CHICAGO — —
Some members of both major parties saw him as an easy target in 2014. The state's popular attorney general contemplated a primary challenge but decided to run for re-election after her father — the longtime Democratic party chairman and House speaker — said he wouldn't step down. A state senator who now holds President Barack Obama's former seat also considered a bid but chose not to run.
Daley's about-face now leaves an anti-violence activist who has raised little money and hasn't filed paperwork with state elections officials as the only known Democrat still planning a primary challenge. Four Republicans are vying for their party's nomination.
Quinn's campaign issued a statement late Monday saying they are confident that come Election Day, voters "will recognize the difficult and important work the governor has accomplished on their behalf."
Daley dismissed any notion Tuesday that he couldn't have defeated Quinn. He said he believed he could continue to raise the funds and had the statewide support, including in downstate Illinois where the family name of the son and brother of two longtime Chicago mayors may not play well.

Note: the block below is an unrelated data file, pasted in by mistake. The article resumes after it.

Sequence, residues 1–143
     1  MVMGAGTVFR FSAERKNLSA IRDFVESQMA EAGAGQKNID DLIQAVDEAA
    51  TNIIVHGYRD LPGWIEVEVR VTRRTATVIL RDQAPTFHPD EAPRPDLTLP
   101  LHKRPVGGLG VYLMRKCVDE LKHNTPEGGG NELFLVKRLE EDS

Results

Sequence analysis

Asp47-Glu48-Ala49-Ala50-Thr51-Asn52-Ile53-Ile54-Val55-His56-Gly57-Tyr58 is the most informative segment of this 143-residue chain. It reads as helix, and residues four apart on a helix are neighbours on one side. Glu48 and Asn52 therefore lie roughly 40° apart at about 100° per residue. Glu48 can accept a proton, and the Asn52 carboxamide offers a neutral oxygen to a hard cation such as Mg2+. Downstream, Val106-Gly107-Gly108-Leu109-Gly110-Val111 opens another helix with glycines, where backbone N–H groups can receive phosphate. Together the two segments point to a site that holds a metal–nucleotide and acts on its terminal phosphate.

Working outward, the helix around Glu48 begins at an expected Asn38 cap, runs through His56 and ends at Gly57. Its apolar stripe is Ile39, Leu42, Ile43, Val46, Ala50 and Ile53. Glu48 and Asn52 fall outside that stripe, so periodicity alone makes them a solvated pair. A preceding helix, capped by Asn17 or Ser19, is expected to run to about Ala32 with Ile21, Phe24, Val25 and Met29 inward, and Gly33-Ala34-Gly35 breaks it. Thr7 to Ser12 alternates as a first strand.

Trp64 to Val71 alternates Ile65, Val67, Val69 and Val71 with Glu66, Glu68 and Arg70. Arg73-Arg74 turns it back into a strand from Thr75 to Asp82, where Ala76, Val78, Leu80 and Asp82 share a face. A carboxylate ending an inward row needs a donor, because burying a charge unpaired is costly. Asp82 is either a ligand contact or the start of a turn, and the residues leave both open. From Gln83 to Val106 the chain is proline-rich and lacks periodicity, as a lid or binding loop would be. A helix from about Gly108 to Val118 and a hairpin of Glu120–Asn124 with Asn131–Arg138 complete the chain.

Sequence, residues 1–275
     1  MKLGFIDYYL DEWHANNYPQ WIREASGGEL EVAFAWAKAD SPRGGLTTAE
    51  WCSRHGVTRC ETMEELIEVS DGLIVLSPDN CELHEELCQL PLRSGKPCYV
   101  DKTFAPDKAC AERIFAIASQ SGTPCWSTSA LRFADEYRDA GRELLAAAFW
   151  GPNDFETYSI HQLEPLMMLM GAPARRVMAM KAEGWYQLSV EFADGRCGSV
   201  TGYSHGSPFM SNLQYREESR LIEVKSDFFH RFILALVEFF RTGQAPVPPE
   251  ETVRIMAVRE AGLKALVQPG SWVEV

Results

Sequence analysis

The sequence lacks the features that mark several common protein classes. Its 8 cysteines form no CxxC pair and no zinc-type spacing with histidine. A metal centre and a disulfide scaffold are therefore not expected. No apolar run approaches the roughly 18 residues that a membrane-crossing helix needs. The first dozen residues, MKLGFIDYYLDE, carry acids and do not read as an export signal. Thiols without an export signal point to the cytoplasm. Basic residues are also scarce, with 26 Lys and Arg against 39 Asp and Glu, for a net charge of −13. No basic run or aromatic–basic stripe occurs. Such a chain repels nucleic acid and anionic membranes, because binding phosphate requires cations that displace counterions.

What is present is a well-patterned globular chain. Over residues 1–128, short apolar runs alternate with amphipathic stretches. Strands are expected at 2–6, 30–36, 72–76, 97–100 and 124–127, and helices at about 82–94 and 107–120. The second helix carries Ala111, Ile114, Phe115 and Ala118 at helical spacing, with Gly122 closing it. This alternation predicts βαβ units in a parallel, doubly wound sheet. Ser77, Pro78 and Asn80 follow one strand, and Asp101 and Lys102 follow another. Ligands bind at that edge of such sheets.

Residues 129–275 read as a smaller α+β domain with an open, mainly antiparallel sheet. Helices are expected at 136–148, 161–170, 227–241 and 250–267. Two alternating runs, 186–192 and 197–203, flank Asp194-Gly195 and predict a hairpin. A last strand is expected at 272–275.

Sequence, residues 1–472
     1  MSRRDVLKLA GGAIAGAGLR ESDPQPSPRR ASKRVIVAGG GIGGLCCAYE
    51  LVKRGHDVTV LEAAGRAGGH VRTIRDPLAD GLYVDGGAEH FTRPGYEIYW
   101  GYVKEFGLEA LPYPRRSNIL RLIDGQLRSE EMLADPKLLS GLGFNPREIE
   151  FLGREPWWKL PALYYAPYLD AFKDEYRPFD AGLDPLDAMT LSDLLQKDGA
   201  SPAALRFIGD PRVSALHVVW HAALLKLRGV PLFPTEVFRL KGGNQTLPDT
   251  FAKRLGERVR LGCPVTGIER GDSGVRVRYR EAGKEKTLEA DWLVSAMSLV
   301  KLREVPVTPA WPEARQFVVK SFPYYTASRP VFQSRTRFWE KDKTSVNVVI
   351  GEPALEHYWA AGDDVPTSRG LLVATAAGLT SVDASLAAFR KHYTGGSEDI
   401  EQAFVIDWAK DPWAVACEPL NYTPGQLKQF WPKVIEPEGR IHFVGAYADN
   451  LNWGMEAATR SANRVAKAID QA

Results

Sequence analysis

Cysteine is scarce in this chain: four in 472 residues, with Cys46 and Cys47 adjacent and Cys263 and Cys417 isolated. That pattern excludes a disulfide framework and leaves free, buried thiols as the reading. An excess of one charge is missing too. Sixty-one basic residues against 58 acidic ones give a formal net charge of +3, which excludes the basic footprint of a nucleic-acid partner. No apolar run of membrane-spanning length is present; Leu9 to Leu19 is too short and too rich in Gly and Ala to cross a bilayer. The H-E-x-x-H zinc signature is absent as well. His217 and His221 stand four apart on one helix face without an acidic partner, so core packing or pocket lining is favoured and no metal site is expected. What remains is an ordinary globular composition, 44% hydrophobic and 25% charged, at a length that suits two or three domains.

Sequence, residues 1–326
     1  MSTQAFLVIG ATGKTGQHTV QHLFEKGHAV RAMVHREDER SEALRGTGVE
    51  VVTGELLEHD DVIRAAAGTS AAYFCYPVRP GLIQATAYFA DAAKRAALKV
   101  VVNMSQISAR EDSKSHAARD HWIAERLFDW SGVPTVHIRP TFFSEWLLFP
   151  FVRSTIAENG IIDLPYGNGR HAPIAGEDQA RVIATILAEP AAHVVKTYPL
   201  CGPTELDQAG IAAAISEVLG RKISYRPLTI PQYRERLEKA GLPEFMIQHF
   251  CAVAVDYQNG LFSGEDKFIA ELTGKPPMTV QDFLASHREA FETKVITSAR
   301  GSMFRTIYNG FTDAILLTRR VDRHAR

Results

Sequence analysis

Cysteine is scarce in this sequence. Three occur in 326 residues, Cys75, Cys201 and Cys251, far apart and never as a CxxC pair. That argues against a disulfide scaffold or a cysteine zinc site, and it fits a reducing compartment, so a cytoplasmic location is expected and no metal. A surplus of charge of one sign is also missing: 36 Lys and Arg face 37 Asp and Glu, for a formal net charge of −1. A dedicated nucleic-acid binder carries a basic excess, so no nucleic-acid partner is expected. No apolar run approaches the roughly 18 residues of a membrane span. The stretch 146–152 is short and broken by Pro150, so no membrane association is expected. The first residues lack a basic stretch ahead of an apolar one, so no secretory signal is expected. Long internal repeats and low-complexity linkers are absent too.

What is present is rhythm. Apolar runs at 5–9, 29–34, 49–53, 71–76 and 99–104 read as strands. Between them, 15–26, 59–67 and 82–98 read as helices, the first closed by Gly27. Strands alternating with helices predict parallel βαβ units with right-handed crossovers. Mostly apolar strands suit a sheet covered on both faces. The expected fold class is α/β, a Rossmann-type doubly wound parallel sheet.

"As a part of a family that has public service in its blood and a family of which I am extremely proud, I've always been motivated as each of them to serve," he told reporters as his voice crackled. "This race was a very doable race for me."
He was less clear about his reasons for dropping out. He only said there was an "enormity" to being a candidate he didn't realize previously and that Illinois needs a strong leader to help solve its monstrous financial problems — including the nation's worst-funded pension system.
"I've lost sleep ... and struggling over the last couple weeks over whether or not what's needed I can provide over a long period," he said. "It's not about a campaign of six months or 14 months. It really is about a minimum of five to nine years to begin to straighten out this state."